Even if the INS's decisions regarding the scheduling of interviews were subject to judicial review under the APA, 28 U.S.C. § 1331 would still not confer jurisdiction on this Court to review the failure of the INS to schedule an interview of the plaintiff before now. Federal question jurisdiction may be exercised over a claim only if (1) the claim turns on an interpretation of the laws or Constitution of the United States and (2) the claim is not "patently without merit." Bell v. Hood, 327 U.S. 678, 682-84 (1946); Batista v. INS, No. 99 Civ. 2487, 2000 WL 204535 (S.D.N.Y. Feb. 22, 2000). In this case, the plaintiff's claim is patently without merit. While the plaintiff claims in her complaint that the delay has been for a year and a half, the initial delay was caused by her failure to have her order of exclusion lifted before filing for an adjustment of status. "In determining reasonableness, [courts] look to the source of the delay — e.g., the complexity of the investigation as well as the extent to which the defendant participated in delaying the proceeding." Reddy v. Commodity Futures Trading Comm'n, 191 F.3d 109, 120 (2d Cir. 1999); Batista, No. 99 Civ. 2847, 2000 WL 204535, at *4 Thus, the only relevant period of delay is the final nine months from the time the exclusion order was lifted to the date the plaintiff brought this lawsuit. The passage of nine months since the plaintiff's order of exclusion was lifted is insufficient to support a colorable claim that the INS has abused its discretion in not scheduling thus far an interview for the plaintiff regarding her adjustment application. See INS v. Miranda, 459 U.S. 14, 18 (1982) (court cannot say that failure to act on visa applications for 18 months was unwarranted); Wan Shih Hsieh, 569 F.2d at 1182 ("[T]he judicial creation of such a duty [to complete an investigation into whether permanent resident status should be instituted and completed within a shorter period than required by statute] would have the potential for mischievous interference with the functioning of already overburdened administrative agencies."); Batista, No. 99 Civ. 2847, 2000 WL 204535, at *5 (finding that delay of 38 months in processing an application for adjustment of status stated a sufficiently colorable claim for jurisdiction, but granting summary judgment dismissing the claim because that delay was not unreasonable).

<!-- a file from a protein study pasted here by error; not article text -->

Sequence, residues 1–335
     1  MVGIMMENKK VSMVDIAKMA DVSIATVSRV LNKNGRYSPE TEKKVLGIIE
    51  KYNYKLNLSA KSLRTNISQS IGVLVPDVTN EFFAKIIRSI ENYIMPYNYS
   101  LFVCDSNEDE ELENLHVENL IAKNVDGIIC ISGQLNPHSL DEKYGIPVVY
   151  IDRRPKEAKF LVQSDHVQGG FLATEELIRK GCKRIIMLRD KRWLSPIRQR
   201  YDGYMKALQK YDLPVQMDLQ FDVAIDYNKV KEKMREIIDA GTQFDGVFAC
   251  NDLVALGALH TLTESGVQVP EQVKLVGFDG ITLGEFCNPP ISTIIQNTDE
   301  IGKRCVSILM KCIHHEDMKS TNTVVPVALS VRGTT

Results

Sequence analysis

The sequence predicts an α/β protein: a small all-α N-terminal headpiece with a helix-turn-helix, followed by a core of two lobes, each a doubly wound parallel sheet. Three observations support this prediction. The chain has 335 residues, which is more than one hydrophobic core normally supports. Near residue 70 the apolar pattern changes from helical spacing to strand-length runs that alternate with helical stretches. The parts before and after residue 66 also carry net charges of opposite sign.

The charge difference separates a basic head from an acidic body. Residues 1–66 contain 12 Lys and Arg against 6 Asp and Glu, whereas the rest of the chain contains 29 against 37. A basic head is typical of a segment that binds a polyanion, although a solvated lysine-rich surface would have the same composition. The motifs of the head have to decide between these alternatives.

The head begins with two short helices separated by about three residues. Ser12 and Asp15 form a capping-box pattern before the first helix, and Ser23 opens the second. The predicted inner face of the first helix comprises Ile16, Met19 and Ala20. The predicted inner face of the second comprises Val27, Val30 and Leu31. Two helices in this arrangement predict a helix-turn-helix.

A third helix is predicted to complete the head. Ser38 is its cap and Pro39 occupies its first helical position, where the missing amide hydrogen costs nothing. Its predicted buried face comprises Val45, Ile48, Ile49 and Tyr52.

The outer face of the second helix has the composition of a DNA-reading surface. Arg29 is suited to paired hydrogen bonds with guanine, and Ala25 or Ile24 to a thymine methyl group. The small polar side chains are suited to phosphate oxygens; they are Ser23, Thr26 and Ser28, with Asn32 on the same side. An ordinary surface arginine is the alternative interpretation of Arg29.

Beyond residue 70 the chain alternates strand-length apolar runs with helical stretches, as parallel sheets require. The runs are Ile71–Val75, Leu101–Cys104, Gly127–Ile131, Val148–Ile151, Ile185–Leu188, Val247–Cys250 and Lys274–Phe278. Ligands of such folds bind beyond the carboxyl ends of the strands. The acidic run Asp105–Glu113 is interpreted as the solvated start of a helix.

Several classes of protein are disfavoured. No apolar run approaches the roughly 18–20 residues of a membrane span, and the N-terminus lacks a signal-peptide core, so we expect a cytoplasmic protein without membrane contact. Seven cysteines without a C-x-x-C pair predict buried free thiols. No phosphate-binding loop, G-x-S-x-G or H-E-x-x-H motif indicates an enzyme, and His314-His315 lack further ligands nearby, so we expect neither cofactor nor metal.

Thus, neither the APA on its own nor the APA in conjunction with Section 1331 is sufficient to confer subject matter jurisdiction on this Court.